Tuesday, 8 September 2015

A Quest in the Wilderness

The sun is about to set and the night is approaching to replace the dusk. The institute bus is moving on its normal route via Argul village. Suddenly a drunken man approaches with a stone in his hand. Moments later, we have a cracked windshield, a bunch of youngsters worried about their safety and a looming threat of things to come. 

The above paragraph might be an exaggerated description of the events that transpired that evening but the way things stand right now, the students of IIT BBS need to be loud and dramatic for their voices to be heard. But, how did we reach to such a standstill? 

On 18th July 2015, Indian Institute of Technology Bhubaneswar did something which no one from the whole student population thought will ever happen in during their stay here, we shifted to our permanent campus in Argul. As expected, there was lot of buzz and excitement around because finally we had a place that we could call our own. 

No more rules set arbitrarily by outsiders, no more restrictions on our every movement and finally a sense of belonging to our institute. 

Or, so we thought. 

In 1981, the director of IIT Kanpur in his convocation address had talked about how if someone would have visited the institute in its early days, circa 1965, all they would see was a conventional country side scene of rural India. As we stepped into our permanent campus nearly 50 years later, we saw the same scenes as above. Only thing is even with all of our technology, it still took us more time to reach this stage of development than IIT K, no thanks to the hostility of the local population around us.

Once here, the students were welcomed by poorly finished rooms, bathrooms without working lights and flushes and an acute shortage of drinking water. Certainly, no one will say that a first year asking a senior about the need of personal water filters in rooms is a sign of adequate facilities provided by the authorities.

Having shifted to a rather remote location, we are in-arguably “closer to nature” and thus occasional sightings of snakes, scorpions and insects that many of us have never even heard of is going to be pretty common. All of us expected this and took precautions accordingly, but what none of us expected was that our “great” mess food had scope for more “improvement”. Since, no caterer obviously wants to leave his business in the city to come search for enlightenment in the wilderness that we call our hostel, makeshift arrangements were made for providing food for us; because it’s not like food has any major effect on our health or general well-being. Some of the dishes prepared in the mess make students question whether they are cooking food for us humans or for those infinite cows that keep on roaming outside the campus.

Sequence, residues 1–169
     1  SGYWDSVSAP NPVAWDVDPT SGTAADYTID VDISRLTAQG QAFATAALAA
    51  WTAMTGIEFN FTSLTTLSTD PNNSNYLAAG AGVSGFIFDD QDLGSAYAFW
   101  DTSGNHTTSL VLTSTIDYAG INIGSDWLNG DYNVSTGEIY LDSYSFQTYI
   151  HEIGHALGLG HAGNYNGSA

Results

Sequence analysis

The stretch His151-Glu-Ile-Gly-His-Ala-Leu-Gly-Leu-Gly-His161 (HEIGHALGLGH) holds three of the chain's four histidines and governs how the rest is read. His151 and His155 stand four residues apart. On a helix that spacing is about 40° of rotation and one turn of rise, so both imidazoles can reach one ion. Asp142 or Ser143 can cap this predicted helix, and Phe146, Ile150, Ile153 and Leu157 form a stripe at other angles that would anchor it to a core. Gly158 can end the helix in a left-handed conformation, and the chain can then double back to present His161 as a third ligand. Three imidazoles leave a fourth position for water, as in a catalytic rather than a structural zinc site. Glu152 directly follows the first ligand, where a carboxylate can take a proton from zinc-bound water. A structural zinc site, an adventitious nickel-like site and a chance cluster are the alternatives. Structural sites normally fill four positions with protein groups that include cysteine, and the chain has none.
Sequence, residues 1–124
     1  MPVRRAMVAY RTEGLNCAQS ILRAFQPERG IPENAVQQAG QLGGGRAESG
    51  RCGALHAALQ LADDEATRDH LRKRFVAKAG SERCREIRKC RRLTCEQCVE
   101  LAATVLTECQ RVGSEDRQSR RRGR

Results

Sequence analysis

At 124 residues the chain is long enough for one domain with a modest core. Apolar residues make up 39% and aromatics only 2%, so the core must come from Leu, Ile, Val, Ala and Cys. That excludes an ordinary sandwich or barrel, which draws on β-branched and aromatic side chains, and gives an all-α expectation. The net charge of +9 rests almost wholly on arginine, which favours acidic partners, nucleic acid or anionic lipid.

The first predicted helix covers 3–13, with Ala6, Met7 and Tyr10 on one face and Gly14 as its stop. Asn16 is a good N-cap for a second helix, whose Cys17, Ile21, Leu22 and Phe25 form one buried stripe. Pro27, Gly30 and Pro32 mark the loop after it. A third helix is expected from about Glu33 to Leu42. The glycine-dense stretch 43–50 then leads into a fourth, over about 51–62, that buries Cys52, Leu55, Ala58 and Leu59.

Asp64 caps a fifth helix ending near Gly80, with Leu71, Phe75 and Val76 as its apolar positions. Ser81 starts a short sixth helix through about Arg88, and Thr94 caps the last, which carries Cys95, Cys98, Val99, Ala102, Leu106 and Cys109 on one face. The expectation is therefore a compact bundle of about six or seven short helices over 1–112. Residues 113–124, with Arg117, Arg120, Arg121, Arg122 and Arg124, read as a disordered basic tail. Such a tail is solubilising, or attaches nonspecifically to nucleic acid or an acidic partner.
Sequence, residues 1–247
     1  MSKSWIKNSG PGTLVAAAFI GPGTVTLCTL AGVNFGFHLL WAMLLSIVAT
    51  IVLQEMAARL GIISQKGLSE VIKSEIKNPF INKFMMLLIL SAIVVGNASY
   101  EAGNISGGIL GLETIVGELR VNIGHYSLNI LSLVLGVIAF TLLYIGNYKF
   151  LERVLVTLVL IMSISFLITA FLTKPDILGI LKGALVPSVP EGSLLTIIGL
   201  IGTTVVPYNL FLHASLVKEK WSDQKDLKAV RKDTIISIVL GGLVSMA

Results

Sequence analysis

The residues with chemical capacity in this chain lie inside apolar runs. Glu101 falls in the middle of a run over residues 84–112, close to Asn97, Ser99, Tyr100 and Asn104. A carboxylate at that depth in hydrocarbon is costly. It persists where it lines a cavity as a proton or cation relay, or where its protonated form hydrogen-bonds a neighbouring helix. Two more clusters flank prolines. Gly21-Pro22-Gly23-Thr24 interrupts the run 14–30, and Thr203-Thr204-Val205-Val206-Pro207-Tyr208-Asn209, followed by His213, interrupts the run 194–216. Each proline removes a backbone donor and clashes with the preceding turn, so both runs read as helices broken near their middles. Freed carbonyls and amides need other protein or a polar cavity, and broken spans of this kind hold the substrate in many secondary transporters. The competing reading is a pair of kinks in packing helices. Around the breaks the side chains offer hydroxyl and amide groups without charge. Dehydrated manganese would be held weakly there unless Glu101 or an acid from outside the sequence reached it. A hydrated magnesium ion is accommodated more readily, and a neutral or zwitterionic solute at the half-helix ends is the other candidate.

Of course, we have alternatives to the mess food but then most of them are only a few hundred miles away. The one alternative that we have inside the hostel in form of the canteen has been trying its best to outperform the mess right since its inception. The girls are actually better placed without the canteen than with it.

It’s a lazy Sunday afternoon; everyone is lying in their rooms and contemplating the meaning of their lives or just watching a movie, whatever. The students are passed a message that there is sports practice in evening. All of them are confused about the location of the practice as there are no grounds here, only rocky areas and grasslands. As they reach outside, they are told that the rocky area which they dismissed as wasteland is their sports ground till an undisclosed amount of time. There is dejection all around, but all authorities talk about is the intent to play but not a single word is said about the facilities. 

Murphy’s Law is an adage which states that, “anything that can go wrong, will go wrong”. This has probably been illustrated numerous times in the last few days to the students of the institute.

As if we already didn’t have a big problem in our hands with the never ending commuting time between the classes and the hostel, many of the rickety buses in which we spend those uneasy hours are best suitable for junkyards rather than roads.

Moving into this remote location, not many students expected lightning fast internet facilities or excellent network coverage. But, as the continuing trend shows, we ended up getting a LAN connection with the internet speed capped at a value which makes even downloading PDF’s a herculean task.

There is an air of dissatisfaction around; a meeting has been arranged between the authorities and the students. Some people raise their voice about the slow internet connection and how internet is really important in today’s world to get a complete education. In reply, it is made known to them that internet speed will be the same for next four years if they don’t stop bugging the authorities about the same issues again and again.

The above is a just illustration of what the students have been facing since moving to Argul and how the authorities have been reacting to the issues raised by the students.

In spite of all the numerous problems in the last few days, many of the students still believe, and probably rightly so, that shifting of the hostels is the much needed first step taken by the authorities on our way to become a fully functioning, respectable institute of learning.

All we can do now is hope that the lofty promises that were made to us on the very first day after moving here are kept by the authorities and only then we will able to feel a sense of belonging to our permanent campus.

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